Tuesday, June 22, 2010

The Real Lezwives of LA

I should've braced myself for disappointment the instant I saw the advertisement on the back cover of Star Magazine. There, in full color, with sunbeams and palm trees adorning their crotches, were the real lesbians of the new reality series, The Real L Word. The highly anticipated show, developed by L Word creator Ilene Chaiken, premiered Sunday night on Showtime. And it might as well be called The Real Leswives of Los Angeles because the show is pretty trashy.

I do not say it's trashy because I am offended by sex. No, no. I was a big fan of the plentiful sex scenes in The L Word. In contrast, this new lesbian reality show was surprisingly lacking in sex. Rather, it was trashy because Chaiken managed to find, among the otherwise appealing and smart lesbians of LA—which I assume exist, though you'd never know it from this show—a half dozen gutter-mouthed, unprofessional, and unlikable young women. I suppose I should expect nothing less from reality TV. But Chaiken seemed to be aiming no higher than the low-brow bar set by The Real Housewives and The Jersey Shore, which is surprising considering that The L Word was a show of some substance and quality, not to mention beauty. Or perhaps the real lesbians of LA—the "polished" lesbians—wouldn't be caught dead on reality TV.

In the opening scenes we hear Whitney, the show's tattooed Shane-esque stud, describing LA lesbians as "polished" compared to those East Coast ruffians in New York. If polished means having a vocabulary with adjectives and adverbs limited to those used by Tony Soprano, then, yes, the LA lesbians are very polished. Very fuckin' polished. But I dunno, I'm so East Coast. Sadly, I just didn't see anything that struck me as polished on this show. I saw a lot of bad overhead lighting and cheap kitchen cabinetry and poor interpersonal communication skills. And the unfortunate use of the word "douchebaggy." I try not to judge. But these gals are bragging about how sophisticated they are, and it's hard to not call them out when one of them—domineering Mikey, who wears sunglasses indoors—can't control her emotions at work. "We'll never fucking work with your agency again. Don't ever fucking call my showroom," she says into the phone. Badly done, Mikey. Badly done.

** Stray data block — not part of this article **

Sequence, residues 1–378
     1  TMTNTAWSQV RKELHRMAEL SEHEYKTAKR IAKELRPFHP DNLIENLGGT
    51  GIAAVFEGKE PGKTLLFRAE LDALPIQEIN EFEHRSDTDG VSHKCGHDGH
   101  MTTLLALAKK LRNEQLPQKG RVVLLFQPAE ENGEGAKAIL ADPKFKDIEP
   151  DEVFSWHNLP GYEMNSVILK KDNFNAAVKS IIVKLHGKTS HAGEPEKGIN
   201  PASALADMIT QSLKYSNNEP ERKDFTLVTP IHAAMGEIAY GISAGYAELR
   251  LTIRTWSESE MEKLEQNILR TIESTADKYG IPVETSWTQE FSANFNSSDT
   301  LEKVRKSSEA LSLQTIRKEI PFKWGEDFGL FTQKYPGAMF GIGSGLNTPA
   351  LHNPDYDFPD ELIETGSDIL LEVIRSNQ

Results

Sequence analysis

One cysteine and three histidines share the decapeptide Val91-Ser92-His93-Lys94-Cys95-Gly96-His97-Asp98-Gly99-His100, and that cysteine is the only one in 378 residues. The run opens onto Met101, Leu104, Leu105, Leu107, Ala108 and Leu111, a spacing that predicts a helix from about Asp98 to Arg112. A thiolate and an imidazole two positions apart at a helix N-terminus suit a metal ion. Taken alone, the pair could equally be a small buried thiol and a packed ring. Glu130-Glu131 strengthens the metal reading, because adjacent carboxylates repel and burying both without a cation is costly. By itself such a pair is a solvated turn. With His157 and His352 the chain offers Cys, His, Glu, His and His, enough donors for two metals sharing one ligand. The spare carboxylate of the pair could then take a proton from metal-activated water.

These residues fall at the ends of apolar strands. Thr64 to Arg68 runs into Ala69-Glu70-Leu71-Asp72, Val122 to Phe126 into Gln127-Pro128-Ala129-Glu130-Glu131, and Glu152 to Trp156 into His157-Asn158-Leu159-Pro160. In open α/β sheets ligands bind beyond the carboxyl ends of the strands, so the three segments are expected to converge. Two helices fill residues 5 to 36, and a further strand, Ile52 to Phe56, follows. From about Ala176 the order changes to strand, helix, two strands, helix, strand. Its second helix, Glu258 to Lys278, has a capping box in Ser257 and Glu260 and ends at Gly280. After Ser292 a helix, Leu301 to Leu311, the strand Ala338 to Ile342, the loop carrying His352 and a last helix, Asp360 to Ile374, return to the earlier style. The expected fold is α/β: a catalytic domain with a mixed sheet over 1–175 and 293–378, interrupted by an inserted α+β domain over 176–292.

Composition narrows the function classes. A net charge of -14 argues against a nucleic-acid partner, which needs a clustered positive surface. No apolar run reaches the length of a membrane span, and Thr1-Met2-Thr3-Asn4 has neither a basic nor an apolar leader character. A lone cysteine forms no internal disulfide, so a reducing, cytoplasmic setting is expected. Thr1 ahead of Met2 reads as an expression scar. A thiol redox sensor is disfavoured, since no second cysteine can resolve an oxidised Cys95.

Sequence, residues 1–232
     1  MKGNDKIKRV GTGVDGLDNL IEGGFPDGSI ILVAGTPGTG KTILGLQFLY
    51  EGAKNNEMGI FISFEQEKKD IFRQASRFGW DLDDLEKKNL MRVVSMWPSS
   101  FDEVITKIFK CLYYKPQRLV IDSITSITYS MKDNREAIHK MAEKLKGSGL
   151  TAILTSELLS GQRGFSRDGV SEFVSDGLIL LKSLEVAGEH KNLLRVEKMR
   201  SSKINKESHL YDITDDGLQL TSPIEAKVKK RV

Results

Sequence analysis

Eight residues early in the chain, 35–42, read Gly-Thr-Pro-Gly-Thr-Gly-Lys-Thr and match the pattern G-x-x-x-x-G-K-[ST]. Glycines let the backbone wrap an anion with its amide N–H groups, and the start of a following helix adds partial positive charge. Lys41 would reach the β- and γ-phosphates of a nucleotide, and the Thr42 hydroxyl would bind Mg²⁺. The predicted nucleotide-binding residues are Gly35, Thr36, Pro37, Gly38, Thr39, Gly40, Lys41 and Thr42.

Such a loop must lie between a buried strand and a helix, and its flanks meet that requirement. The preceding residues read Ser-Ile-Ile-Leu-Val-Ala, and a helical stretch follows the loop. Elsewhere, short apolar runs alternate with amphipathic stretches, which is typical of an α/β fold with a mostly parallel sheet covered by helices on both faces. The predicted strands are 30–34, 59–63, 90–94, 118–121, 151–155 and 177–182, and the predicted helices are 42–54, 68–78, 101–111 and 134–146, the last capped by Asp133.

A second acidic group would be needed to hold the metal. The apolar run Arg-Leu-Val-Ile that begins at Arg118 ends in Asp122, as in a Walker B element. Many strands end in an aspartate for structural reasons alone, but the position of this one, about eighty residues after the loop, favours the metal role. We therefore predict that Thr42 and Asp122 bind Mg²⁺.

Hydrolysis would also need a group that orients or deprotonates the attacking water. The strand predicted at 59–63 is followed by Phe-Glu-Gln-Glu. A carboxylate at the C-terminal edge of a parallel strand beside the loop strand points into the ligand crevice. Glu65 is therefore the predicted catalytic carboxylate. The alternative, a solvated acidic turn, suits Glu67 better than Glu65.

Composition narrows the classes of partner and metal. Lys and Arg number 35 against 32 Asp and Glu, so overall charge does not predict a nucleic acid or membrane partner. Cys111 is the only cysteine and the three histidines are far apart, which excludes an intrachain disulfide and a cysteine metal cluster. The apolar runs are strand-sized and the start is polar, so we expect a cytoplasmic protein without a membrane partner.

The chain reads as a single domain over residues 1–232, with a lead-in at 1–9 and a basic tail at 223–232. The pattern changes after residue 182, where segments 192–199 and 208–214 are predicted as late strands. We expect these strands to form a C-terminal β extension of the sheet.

Grace Chu has created a hilarious "The Real L Word Dictionary," which illustrates how miserable things are. Considering everything, one wonders who was the intended audience for this show. Chaiken must have looked at the success (if you can call it that) of The Real Housewives franchise and seen dollar signs, because the show oddly does not seem targeted to a niche audience of lesbians. For example, the producers of the show felt the need to include an explanation of "pants" and "pumps." Get it, ladies? It means "butch" and "femme."

Sunday, June 20, 2010

The Lesbians Are All Right

I know there is concern, and understandably so, that lesbian director Lisa Cholodenko's new film, The Kids Are All Right, includes a plot twist involving a lesbian (Julianne Moore) sleeping with her sperm donor (Mark Ruffalo). I have not seen the film, which is not released until July 9, but I have to say that I'm not going to get my bikini briefs in a bunch over this.

First of all, I'm willing to give Cholodenko the benefit of the doubt on the integrity of the lesbian credibility of this film because
the writer/director of High Art and Laurel Canyon has an impressive track record.  Cholodenko is sort of the Nancy Meyers of lesbian film. But edgier because she is, after all, a dyke. She is brilliant at capturing—creating, I suppose, is a better term—mood, culture, and the influence of place. The place in her latest film, as it was in Laurel Canyon, is California. The golden, barefoot, wine-infused, faded T-shirt kind of California you imagine when Joni Mitchell sings. In fact, Cholodenko has said that Mitchell's Ladies of the Canyon was an aesthetic influence on Laurel Canyon. And Mitchell is very much present in this latest film: The daughter is named Joni, and a duet of All I Want (~I wanna make you feel free~) is sung by Annette Bening and Ruffalo.

Secondly, from what I can see, Julianne Moore and Annette Bening portray a realistic (if, granted, unusually good looking) lesbian couple who are in a real, in-depth, long-term relationship. How often do you see that on film? Seldom. So let's welcome this. Cholodenko, 46, has been around the block, and so when she describes her choice to build an otherwise conventional family around two women as a "radical gesture," I think we should give her some credit. It is indeed a radical gesture in Hollywood.